Tuesday, January 30, 2018

Clark Ashton Smith, the Poseidonis and interplanetary stories

Clark Ashton Smith (1893-1961) was part of the Lovecraft literary circle, corresponding frequently and at great length with Lovecraft and other masters of weird fiction such as Robert E. Howard. They frequently exchanged ideas and often borrowed characters and settings from each other. It was an incredibly fruitful arrangement.

Lovecraft and Howard achieved major cult followings by the 1960s and their popularity remains extremely high. Smith has never quite achieved the same level of popularity with the book-buying public although among true aficionados of weird fiction he is generally regarded as being their equal.

Smith was a writer who relied on atmosphere and style to an extreme degree. Many of the great pulp weird fiction writers were fascinated by the idea of civilisation in decline. Lovecraft wrote about civilisation decay and degeneration. Smith was obsessed by civilisational decadence. His great strength was that his style was in itself decadent and therefore perfectly matched his material. His prose is more self-consciously literary than Lovecraft’s but his prose is even more purple. Prose just doesn’t get any more purple than this. But it works.

The bulk of Smith’s short stories belong to several cycles, the best-known being the Zothique cycle. Somewhat lesser known are the handful of Poseidonis stories. Poseidonis is a mythical island, the last remnant of the lost continent of Atlantis. It is a world of sorcery, and of power struggles between great (although frequently evil) sorcerers. Smith’s Poseidonis cycle comprises eight stories and poems. I will be considering three of the stories here (and they happen to be three very fine stories).

In The Last Incantation the ageing but powerful sorcerer Malygris discovers that even his formidable magic cannot recapture the memories of youth. There’s no real horror in this tale. It’s more a story of melancholy and perhaps of the limits of power.

In The Death of Malygris the King, Gadeiron, suspects that the much-feared sorcerer Malygris may have finally died. But so powerful is this sorcerer’s magic that no-one wants to take the risk of entering his tower to find out if he is really dead. A sorcerer with Malygris’s powers can be dangerous even when dead. The King has the services of the master necromancer Maranapion but he knows that will not be enough. He recruits twelve more sorcerers but perhaps even that may not be sufficient to deal with Malygris.

The Double Shadow is the tale of a master necromancer and his acolyte who conjure forth a demon whose existence was previously unknown, a demon from the impossibly remote past, from the age of the serpent-men. It might have been infinitely wiser not to have conjured this particular demon.

While Smith could at a stretch be considered a writer of sword-and-sorcery tales the emphasis was very much on the sorcery (certainly compared to Howard who put the emphasis on the swords). These three stories are entirely tales of sorcery. There’s no action at all, but there’s plenty of horror  and there’s as much weirdness as any reasonable person could desire.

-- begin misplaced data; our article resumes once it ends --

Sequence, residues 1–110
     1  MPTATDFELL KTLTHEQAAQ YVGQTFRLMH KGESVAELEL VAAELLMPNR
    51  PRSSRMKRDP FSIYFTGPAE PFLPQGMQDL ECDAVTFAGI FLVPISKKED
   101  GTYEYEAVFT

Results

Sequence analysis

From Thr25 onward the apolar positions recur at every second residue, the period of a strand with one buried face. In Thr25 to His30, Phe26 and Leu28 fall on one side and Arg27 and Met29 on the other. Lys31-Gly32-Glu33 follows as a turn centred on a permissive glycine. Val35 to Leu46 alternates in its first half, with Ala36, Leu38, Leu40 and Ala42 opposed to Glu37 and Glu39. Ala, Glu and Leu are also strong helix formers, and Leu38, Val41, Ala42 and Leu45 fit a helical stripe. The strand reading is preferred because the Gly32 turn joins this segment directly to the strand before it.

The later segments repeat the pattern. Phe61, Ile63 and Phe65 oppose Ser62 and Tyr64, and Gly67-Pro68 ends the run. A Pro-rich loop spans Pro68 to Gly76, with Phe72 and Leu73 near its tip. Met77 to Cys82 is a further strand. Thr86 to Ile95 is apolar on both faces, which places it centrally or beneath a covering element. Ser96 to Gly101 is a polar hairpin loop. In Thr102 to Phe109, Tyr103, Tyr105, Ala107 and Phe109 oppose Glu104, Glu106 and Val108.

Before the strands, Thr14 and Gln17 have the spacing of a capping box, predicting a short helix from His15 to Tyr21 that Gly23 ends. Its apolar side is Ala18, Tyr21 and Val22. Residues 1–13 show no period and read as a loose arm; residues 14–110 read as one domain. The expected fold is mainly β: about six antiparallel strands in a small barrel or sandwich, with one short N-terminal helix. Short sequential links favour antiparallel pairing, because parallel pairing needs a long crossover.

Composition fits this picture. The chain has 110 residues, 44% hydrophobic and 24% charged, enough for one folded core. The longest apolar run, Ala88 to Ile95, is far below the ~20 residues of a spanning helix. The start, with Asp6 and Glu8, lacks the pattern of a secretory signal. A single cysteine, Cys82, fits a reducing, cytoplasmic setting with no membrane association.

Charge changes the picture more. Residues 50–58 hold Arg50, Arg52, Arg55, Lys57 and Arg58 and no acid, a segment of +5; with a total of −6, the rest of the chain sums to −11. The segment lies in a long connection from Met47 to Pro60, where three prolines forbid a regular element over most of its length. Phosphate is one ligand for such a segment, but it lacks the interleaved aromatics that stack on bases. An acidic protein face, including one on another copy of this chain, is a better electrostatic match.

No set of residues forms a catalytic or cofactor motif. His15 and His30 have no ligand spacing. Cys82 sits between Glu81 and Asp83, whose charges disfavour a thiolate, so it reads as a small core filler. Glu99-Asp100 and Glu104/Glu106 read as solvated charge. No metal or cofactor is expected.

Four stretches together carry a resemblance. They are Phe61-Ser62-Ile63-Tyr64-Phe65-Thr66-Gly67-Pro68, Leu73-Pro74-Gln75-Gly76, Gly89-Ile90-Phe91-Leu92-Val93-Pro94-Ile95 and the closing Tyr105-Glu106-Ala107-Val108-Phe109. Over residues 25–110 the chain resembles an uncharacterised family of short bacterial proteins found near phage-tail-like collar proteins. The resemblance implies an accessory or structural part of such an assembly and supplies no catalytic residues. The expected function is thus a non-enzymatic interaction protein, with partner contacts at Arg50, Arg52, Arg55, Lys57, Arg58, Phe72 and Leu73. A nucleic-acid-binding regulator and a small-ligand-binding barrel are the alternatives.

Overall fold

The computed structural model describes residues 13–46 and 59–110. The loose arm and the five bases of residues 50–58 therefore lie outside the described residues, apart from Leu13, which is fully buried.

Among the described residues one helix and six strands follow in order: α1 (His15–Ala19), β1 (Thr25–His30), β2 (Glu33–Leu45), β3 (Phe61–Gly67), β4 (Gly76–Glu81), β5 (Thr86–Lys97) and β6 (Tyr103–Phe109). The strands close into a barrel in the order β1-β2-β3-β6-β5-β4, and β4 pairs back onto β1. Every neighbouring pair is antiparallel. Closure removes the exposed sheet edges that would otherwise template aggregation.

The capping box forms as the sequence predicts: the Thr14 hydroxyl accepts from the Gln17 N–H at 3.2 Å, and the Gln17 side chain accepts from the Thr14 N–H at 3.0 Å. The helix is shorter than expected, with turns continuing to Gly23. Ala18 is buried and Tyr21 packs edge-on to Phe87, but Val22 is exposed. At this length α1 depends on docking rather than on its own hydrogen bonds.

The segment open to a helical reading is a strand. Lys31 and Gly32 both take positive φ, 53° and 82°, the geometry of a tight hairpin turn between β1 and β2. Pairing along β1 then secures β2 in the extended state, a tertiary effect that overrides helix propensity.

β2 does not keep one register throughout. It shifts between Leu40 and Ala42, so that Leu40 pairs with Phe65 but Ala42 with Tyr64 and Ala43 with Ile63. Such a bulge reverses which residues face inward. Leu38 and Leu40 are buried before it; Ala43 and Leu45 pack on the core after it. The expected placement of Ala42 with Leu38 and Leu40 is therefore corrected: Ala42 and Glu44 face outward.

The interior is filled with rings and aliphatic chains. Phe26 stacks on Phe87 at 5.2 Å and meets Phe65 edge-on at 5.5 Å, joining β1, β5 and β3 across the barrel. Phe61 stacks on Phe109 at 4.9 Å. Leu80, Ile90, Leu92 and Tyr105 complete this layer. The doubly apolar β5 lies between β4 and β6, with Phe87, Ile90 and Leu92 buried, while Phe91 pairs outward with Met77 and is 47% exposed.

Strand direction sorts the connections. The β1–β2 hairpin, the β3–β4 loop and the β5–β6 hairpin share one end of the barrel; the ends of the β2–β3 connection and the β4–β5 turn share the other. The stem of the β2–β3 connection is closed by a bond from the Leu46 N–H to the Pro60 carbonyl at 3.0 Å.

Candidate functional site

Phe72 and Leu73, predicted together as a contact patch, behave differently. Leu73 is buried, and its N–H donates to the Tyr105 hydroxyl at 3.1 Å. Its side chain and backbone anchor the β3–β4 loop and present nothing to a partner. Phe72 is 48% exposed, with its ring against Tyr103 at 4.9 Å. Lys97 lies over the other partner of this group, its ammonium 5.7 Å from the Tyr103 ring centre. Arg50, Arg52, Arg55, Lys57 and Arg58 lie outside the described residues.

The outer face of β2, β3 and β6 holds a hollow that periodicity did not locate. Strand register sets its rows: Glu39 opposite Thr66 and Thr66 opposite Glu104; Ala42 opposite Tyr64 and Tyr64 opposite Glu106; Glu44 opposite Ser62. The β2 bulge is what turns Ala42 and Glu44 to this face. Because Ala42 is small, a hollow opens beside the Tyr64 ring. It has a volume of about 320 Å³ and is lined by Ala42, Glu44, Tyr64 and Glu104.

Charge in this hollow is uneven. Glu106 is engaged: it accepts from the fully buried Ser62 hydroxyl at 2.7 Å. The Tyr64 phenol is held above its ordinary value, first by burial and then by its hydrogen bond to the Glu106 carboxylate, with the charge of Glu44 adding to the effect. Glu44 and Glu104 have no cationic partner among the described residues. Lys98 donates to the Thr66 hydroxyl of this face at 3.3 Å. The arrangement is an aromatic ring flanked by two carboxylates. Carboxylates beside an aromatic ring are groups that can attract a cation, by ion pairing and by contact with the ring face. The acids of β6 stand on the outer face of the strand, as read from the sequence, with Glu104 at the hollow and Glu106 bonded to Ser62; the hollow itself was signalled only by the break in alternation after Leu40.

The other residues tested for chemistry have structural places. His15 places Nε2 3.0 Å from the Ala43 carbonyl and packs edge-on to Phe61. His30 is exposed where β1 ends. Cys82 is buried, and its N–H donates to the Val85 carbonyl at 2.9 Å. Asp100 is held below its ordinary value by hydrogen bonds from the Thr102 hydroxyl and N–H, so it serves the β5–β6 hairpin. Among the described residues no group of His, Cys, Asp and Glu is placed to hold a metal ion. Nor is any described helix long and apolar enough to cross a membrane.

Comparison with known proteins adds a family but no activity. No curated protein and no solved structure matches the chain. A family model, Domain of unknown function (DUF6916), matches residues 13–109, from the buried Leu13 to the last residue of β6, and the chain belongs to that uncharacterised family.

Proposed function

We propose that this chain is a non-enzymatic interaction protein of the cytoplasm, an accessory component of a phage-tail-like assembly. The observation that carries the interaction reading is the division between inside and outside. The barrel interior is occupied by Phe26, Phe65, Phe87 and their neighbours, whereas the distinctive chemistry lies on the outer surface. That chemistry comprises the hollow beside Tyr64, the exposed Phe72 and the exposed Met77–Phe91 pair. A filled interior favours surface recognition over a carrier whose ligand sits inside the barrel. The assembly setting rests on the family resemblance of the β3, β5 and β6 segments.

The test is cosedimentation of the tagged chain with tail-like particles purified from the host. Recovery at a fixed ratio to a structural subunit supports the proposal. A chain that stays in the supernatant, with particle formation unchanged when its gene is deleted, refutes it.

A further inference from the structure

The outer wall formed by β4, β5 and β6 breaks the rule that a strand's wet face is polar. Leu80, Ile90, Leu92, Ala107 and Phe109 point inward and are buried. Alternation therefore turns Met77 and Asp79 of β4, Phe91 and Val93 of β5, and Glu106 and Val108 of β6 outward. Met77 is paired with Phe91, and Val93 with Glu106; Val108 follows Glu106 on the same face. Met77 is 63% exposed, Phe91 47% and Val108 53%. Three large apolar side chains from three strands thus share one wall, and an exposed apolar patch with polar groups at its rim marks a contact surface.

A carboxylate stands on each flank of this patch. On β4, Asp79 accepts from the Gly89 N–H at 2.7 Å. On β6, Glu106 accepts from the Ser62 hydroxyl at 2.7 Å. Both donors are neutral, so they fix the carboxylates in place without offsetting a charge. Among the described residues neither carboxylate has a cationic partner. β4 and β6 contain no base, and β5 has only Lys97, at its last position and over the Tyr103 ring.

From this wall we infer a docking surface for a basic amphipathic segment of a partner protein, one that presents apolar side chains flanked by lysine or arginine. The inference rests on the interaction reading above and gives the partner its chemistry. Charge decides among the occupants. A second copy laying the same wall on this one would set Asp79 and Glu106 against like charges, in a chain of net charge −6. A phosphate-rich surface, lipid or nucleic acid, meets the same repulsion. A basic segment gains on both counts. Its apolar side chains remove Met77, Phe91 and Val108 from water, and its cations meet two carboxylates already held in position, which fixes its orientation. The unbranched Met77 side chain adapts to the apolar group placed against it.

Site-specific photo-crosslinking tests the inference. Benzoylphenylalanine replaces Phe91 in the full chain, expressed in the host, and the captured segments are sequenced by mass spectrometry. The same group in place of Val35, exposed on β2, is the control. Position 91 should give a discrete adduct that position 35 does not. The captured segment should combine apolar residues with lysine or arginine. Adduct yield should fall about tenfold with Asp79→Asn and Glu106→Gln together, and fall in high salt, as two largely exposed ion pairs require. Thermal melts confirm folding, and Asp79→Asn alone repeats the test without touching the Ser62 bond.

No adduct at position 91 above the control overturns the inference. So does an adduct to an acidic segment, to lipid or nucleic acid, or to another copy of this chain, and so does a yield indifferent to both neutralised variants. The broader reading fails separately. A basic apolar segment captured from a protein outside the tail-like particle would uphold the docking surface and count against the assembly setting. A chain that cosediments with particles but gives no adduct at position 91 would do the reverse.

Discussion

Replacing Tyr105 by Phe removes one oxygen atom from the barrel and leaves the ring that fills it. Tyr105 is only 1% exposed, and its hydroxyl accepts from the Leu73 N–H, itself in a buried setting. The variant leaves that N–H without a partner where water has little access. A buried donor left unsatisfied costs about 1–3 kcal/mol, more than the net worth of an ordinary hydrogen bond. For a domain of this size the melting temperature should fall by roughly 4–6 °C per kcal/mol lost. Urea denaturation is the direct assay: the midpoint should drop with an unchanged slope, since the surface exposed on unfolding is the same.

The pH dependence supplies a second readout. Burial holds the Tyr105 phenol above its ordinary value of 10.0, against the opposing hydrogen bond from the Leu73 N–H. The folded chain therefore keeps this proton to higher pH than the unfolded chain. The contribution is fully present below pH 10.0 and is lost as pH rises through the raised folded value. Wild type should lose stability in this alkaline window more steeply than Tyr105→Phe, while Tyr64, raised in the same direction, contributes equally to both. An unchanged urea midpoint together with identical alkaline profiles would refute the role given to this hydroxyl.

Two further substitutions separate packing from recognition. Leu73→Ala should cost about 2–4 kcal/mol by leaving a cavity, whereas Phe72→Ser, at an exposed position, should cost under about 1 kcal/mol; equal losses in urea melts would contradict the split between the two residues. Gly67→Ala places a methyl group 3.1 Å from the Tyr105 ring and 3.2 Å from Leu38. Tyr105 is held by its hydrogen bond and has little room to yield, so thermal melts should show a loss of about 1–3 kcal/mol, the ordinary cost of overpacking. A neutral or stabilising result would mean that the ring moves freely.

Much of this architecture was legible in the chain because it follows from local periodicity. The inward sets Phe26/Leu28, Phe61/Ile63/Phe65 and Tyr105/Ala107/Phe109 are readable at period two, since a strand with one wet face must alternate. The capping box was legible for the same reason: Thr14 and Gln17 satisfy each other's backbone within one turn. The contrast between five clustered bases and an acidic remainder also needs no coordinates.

Among Smith’s lesser known works are his interplanetary stories, set on Mars or on several imaginary planets. They’re perhaps as close as he got to science fiction and that’s not very close.

The Flower-Women has a science fictional setting but it’s still basically a story of sorcery, concerning a sorcerer who becomes bored because his magic is too powerful and he no longer faces any real challenges. He gives up (temporarily) most of his magic to pursue adventure on one of the several planets of which he is ruler. The flower-women really are flower-women - half carnivorous plant and half woman. The flower-women are being menaced by reptilian sorcerers who seem like they might provide an invigorating challenge.

The Monster of the Prophecy is much closer to actual science fiction. A poet, unable to face poverty and the indifference of the world, is about to find a watery death by throwing himself off the Brooklyn Bridge. A strange old man offers him an alternative. The old man is an alien wizard and he transports the poet to a distant planet inhabited by very strange creatures. The alien wizard is more scientist than wizard and he intends to use the poet to further his ambitions. The plan doesn’t work out as neatly as he’d hoped. There’s no actual magic in this story, which is pretty unusual for a Smith story.

The Vaults of Yoh-Vombis is one of Smith’s Mars stories. This is Mars as imagined in the early 1930s, an inhabited world with life being mostly clustered about the canals. An archaeological expedition is exploring the ruins of the impossibly ancient city of Yoh-Vombis, a city built by a long-extinct Martian race rather different from present-day Martians. Yoh-Vombis is far from the life-giving canals and there is no possibility that anything could be alive in those desolate ruins. What the expedition finds there is an unimaginable horror, the secret to the disappearance of the people of Yoh-Vombis. This is a very Lovecraftian story, in both content and style.

I still regard the Zothique stories as being Clark Ashton Smith’s greatest achievements but his other story cycles are well worth investigating. Highly recommended.

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